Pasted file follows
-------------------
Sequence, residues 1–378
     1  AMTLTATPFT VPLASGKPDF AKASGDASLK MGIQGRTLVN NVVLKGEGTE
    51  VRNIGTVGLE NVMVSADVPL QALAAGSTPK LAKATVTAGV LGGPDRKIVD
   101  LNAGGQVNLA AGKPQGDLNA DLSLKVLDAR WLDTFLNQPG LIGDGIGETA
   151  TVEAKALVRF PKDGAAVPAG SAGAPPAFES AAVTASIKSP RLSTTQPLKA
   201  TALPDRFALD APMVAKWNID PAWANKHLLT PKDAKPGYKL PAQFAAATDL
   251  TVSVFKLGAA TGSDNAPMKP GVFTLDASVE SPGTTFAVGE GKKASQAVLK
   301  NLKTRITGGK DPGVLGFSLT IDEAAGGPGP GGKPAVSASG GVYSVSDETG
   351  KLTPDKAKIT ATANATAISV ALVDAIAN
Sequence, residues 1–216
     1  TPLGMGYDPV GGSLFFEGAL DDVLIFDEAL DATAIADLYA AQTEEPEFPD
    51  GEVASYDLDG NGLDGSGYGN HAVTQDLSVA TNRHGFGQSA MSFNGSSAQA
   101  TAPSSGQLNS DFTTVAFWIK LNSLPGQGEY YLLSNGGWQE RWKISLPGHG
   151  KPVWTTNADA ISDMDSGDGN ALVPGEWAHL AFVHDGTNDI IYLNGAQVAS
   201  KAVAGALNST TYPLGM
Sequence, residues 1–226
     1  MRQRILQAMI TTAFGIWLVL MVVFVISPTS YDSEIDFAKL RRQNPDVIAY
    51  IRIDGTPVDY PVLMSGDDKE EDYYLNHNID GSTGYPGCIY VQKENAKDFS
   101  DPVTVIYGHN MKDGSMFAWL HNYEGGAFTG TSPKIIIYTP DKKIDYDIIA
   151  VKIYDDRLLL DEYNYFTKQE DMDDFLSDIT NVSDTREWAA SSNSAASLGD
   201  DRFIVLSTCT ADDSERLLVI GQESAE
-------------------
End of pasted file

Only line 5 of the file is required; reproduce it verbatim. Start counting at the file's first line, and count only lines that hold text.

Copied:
   151  TVEAKALVRF PKDGAAVPAG SAGAPPAFES AAVTASIKSP RLSTTQPLKA